David Kirkpatrick

February 23, 2010

Justice Department on the torture memos

If you’re following the current story on the John Yoo and Judge Jay Bybee torture memos you know the Office of Professional Responsibility report found the memos shameful, but Associate Deputy Attorney General David Margolis has recommended the Justice Department will not refer a finding of professional misconduct. With this announcement many talking heads on the right, often ex-officials of the Bush 43 administration, have gone on the attack claiming all this news totally exonerates Yoo and Bybee. Not so. Margolis basically says their legal advice was very questionable and essentially straddles the line of misconduct enough he can’t rule against them.

One thing the OPR report does illuminate is simply how shameful and shameless the United States government, particularly the executive branch and Department of Justice, behaved during the Bush years. These individuals may escape personal and professional repercussions, but history will not be kind to anyone who is associated with dragging America down into the ranks of states that torture.

Jack Balkin offers a great explanation/take-down on just how low of bar Yoo and Bybee barely escaped through Margolis’ decision not to find for professional misconduct.

Here’s a quick sample:

Instead, Margolis argues that, judging by (among other things) a review of D.C. bar rules, the standard for attorney misconduct is set pretty damn low, and is only violated by lawyers who (here I put it colloquially) are the scum of the earth. Lawyers barely above the scum of the earth are therefore excused.

And here’s Balkin’s excellent concluding graf:

Whether or not the DOJ refers Yoo and Bybee for professional discipline, no one should think that either man behaved according to the high standards we should expect of government attorneys. They, and the government officials who worked with them, shamed this nation. They dragged America’s reputation in the dirt. They severely damaged our good name in the eyes of the world. They undermined the values this country stands for and that the legal profession should stand for. Nothing the DOJ does now–or fails to do–will change that.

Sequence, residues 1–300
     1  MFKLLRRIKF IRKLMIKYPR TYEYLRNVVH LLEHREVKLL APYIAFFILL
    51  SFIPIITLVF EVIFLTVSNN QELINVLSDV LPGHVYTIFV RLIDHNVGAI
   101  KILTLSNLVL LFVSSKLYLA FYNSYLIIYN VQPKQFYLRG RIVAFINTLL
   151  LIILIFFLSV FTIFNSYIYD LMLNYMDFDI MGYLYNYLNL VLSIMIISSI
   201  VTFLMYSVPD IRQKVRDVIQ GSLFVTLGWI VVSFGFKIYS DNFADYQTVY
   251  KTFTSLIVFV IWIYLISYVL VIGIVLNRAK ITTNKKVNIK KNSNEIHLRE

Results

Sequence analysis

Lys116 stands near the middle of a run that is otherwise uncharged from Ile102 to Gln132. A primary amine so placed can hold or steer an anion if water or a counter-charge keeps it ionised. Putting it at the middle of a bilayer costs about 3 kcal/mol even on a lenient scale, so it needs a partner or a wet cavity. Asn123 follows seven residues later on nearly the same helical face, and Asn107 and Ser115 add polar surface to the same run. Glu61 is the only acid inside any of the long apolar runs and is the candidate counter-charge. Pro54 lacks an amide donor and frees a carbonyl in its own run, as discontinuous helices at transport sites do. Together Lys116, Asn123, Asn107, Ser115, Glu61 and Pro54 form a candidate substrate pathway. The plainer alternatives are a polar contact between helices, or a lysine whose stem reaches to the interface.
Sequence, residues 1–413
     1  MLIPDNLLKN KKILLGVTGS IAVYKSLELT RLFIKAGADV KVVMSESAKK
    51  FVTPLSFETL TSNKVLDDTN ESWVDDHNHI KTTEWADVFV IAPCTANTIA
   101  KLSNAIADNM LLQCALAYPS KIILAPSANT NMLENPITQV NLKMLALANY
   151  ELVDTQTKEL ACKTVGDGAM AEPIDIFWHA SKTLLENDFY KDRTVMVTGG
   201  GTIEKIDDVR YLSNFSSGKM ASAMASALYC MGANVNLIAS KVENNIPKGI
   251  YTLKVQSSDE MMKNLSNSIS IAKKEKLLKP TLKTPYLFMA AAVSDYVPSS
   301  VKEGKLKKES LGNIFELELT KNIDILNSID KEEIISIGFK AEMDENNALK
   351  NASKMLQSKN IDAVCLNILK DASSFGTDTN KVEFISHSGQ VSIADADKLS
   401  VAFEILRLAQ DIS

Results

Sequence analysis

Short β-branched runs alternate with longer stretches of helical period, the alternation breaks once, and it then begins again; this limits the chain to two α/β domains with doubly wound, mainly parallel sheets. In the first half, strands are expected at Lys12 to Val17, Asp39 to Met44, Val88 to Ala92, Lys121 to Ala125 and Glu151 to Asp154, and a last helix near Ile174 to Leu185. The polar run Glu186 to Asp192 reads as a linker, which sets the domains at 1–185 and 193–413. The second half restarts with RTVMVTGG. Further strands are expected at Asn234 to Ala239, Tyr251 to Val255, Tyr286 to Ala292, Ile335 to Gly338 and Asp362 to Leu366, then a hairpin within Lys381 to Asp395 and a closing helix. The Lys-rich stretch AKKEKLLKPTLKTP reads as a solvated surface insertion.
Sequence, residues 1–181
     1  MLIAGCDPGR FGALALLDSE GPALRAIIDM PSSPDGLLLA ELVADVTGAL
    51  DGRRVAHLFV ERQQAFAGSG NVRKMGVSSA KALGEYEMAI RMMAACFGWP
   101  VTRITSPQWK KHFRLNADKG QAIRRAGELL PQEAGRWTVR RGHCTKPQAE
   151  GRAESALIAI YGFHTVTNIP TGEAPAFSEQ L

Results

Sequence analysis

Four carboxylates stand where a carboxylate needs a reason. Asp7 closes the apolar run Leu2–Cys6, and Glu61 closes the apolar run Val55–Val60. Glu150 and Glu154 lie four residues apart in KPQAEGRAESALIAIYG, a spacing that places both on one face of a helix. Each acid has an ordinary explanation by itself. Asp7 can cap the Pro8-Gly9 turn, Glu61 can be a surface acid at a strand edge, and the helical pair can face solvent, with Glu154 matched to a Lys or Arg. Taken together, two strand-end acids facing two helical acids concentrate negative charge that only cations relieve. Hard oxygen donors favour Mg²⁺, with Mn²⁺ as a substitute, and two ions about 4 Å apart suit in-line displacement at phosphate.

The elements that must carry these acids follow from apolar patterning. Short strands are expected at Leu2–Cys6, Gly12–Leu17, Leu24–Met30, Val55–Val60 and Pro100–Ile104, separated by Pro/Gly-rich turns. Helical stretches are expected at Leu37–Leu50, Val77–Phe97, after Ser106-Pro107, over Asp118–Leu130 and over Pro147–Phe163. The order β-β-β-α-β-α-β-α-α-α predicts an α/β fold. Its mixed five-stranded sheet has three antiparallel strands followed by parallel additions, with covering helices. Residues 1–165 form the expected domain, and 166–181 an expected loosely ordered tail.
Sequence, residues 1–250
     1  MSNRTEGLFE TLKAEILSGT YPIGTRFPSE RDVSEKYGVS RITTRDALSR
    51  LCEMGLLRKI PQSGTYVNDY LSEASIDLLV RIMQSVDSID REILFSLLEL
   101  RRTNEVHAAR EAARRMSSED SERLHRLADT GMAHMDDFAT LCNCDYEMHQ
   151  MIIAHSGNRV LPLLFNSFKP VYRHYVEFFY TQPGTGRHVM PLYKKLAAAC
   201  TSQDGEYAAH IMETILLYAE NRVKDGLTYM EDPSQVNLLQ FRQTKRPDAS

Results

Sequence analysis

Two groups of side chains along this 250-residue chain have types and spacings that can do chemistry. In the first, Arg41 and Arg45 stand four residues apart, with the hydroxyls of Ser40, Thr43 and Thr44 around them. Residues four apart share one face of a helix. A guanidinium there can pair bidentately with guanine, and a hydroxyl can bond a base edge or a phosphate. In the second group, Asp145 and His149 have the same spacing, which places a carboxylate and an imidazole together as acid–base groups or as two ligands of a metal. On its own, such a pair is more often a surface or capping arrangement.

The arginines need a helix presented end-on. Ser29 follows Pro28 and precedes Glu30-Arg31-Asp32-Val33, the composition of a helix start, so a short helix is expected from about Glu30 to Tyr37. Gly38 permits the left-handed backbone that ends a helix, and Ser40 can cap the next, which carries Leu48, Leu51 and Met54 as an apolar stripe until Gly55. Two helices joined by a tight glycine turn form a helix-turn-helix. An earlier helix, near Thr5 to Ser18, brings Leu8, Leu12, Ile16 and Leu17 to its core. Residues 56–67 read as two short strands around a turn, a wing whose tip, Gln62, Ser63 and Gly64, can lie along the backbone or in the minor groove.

April 16, 2009

The reaction to the OLC torture memo release …

Filed under: Politics — Tags: , , , — David Kirkpatrick @ 7:44 pm

… from an unnamed Bush 43 regime official isn’t surprising even if it is disappointing.

From the link:

A former top official in the administration of President George W. Bush called the publication of the memos “unbelievable.”

“It’s damaging because these are techniques that work, and by Obama’s action today, we are telling the terrorists what they are,” the official said. “We have laid it all out for our enemies. This is totally unnecessary. … Publicizing the techniques does grave damage to our national security by ensuring they can never be used again — even in a ticking-time- bomb scenario where thousands or even millions of American lives are at stake.”

“I don’t believe Obama would intentionally endanger the nation, so it must be that he thinks either 1. the previous administration, including the CIA professionals who have defended this program, is lying about its importance and effectiveness, or 2. he believes we are no longer really at war and no longer face the kind of grave threat to our national security this program has protected against.”

Of course this is the lede Drudge ran with for his link to the Politico story. I’m going with option number one here. I seriously doubt Obama expects he’s put the nation at any higher risk than we already face. If there is proof these torture techniques work, maybe it would behoove those in the know to offer something other than, “We know best. Trust us.” Every bit of evidence that has come to light has exposed the torture produced nothing other than false leads, wasting precious resources chasing shadows.

And, of course, there’s that pesky war crime aspect to the techniques as well. And the overturning of U.S. policy dating back to the Revolutionary War.

The Silver is the New Black Theme Blog at WordPress.com.

Follow

Get every new post delivered to your Inbox.

Join 26 other followers